Voyager 1 Poised to Leave Solar System — Still Running After Three Decades

Meet Voyager 1, the Energizer bunny of space exploration.

The Voyager 1 and 2 spacecrafts might be the most impressive feat thus far in man’s limited exploration of space.  Voyager 1 was launched in 1977 to eventually provide up close and personal examinations of some of the outer planets of the solar system.  Both Voyager 1 and 2 were strategically launched at times where they could reach the most planets with the least amount of power by relying on favorable alignments to let gravity do most of the work.  Now, thirty-five years later, Voyager 1 is alive and kicking and will soon leave the gravitational influences of our solar system and head out into the next frontier:  interstellar space.

Even as scientists here on Earth go on and on about developing alternative fuel sources, this device is still functioning thirty-five years on thanks to a device called an  radioisotope thermoelectric generators.  This converts plutonium to energy.  Put in simple layman’s terms, it is nuclear power.  The Voyager 1 uses plutonium and a reactor to continue to create its own energy millions of miles from where it was designed on Earth.  Scientists estimate that the Voyager 1 could actually keep right on ticking until 2040 with its supply of fuel, while the Voyager 2 will tinker out around 2037.  They both started with the same amounts, but Voyager 2 spent a lot of fuel visiting Uranus and Neptune, something that was not originally planned.  The Voyager 2’s trek was so successful that NASA decided to go ahead and blow some fuel to try to get to two more planets than they originally were shooting for.

There are plenty of mysteries surrounding Voyager 1 and how it operates.  NASA offers sketchy details to those that are interested, but some things are just hard to believe or understand.  While Voyager operates mostly autonomously, even at an astounding distance of 11.1 billion (that’s right, billion) miles from Earth, NASA is still able to communicate with it and even issue directives.  Obviously, the signals take quite a while to reach the Earth, but the really insane part is how the signals are sent in the first place.

It is a lot easier to accept things on the Earth side.  NASA has all the power and technology in the world at its disposal to send the most powerful signal it can muster into space in the direction of Voyager 1.  However, there is no word on how Voyager 1 could have enough power to transmit any back.  We’re talking about 11.1 billion miles, people!  It doesn’t seem like the Voyager could even be large enough or afford the extra power necessary to send a signal that would even have a remote chance of reaching Earth.  But then again, we could have said the same thing when Voyager 2 was masquerading around the far reaches of the solar system, but we’ve all seen the jaw-dropping pictures of the outer planets that gave us Earthlings a real look instead of tiny dots in telescopes.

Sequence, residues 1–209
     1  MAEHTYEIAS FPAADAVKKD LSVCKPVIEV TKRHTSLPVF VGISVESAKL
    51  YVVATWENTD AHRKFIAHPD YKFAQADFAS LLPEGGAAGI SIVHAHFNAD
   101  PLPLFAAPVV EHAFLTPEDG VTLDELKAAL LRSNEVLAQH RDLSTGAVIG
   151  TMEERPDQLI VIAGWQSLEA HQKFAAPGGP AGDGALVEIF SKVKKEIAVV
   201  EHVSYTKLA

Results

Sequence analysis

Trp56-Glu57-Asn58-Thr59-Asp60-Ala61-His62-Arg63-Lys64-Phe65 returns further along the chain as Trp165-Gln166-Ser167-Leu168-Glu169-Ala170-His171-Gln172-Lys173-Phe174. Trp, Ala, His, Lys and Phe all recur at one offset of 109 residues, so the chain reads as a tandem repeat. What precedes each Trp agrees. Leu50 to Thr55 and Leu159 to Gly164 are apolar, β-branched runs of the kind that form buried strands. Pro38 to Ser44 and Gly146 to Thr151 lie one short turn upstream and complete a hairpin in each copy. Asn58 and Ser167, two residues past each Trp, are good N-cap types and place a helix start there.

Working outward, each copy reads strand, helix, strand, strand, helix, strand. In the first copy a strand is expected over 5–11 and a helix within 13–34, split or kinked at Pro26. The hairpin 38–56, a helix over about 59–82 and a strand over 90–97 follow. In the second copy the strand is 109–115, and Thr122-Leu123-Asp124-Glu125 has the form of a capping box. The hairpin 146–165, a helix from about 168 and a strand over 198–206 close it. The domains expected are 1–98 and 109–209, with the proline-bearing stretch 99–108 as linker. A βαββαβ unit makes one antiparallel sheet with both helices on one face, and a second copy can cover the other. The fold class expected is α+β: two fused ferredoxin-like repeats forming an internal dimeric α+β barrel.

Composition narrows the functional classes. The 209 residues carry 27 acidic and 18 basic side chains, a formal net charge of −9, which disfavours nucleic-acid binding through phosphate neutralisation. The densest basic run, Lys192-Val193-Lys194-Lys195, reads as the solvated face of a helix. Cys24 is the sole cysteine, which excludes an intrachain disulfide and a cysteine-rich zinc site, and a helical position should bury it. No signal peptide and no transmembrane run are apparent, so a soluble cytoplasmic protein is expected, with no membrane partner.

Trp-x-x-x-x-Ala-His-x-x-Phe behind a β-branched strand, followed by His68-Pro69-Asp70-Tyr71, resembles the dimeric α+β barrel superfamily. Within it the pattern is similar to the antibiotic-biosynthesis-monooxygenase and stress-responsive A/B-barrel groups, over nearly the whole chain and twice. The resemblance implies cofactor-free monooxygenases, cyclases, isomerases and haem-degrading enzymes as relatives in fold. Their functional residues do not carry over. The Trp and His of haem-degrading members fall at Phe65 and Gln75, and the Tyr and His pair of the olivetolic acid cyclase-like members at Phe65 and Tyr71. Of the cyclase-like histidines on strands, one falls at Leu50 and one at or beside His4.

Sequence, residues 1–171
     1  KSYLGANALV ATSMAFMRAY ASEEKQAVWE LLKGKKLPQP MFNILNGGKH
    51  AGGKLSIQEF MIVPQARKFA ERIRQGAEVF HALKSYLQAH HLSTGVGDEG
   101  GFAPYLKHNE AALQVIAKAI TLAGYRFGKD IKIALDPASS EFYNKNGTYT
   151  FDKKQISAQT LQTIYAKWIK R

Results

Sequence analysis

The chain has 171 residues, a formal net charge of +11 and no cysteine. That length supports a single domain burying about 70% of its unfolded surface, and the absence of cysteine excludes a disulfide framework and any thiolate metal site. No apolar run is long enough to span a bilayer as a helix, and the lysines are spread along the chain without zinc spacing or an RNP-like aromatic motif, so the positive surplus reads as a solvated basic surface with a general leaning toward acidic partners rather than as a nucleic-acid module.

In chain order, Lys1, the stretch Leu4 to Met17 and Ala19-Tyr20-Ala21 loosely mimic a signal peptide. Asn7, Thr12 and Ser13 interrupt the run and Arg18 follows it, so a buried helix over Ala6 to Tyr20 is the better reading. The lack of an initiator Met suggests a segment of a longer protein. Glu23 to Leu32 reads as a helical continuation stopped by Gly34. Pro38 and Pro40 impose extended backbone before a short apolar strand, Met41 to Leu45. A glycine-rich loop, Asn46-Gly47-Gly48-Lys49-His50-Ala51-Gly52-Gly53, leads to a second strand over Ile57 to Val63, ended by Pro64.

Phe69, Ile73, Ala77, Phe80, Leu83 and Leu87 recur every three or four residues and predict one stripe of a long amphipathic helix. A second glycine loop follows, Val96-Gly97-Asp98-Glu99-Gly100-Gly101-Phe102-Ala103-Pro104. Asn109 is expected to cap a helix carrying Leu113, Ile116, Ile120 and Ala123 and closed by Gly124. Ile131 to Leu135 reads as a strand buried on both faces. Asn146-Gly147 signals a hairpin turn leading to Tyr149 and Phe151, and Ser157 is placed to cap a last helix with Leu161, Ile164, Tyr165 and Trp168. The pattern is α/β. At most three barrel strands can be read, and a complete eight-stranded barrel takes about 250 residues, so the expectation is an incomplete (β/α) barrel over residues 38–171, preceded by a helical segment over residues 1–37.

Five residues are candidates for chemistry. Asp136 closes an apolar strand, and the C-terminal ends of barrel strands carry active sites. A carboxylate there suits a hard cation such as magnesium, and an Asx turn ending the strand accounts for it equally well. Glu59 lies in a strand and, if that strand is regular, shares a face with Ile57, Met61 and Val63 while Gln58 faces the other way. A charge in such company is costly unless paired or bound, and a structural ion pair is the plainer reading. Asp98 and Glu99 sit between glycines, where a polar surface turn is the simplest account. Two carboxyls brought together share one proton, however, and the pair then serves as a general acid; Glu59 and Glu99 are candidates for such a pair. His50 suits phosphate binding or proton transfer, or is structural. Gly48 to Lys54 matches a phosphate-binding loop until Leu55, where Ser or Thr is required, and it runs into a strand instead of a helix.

Think about it.  It can be difficult to get a signal via radio or cell phone here on Earth between two relatively close locations.  And yet Voyager 1 is able to communicate with NASA from interstellar space.  That’s pretty remarkable, and a sure sign that there is some serious technology out there that we don’t know about.  Nuclear reactors powering spacecrafts 11.1 billion miles from Earth that have enough extra power lying around to transmit data back on an antenna that most amateur radio operators on Earth would scoff at.

It seems that maybe we aren’t being told the whole story.  What do you think?  Any astronomers, engineers, or scientists reading that would like to shed some light on this, please contact us.  We would be more than happy to publish a feature article with more information for our readers and our curiosity.

3 thoughts on “Voyager 1 Poised to Leave Solar System — Still Running After Three Decades”

  1. If it’s still going with the simple technology NASA claims, that’s astounding. However, that seems a bit fantastic. You’re right, how can I barely get cell phone reception when I’m in my house, yet this spacecraft is able to communicate over millions of miles!

  2. Comparing the Voyager radio system to a cell phone is like comparing a carbon arc searchlight to the led penlight on your keychain.

    The Voyager’s nuclear power source generate over 375 watts, and the ultra high frequency radio transmits 23 watts of power using a massive 14 foot highly directional dish antenna through the empty vacuum of space.

    Your cellphone transmits about 1 watt using a tiny 1/2″ non-directional antenna and that signal has to pass through walls and other obstacles.

    In addition, voyager’s signal is received by a massive dish antenna and very sensitive receiving equipment.

    Attempting to make the comparison with a cell phone is absurd.

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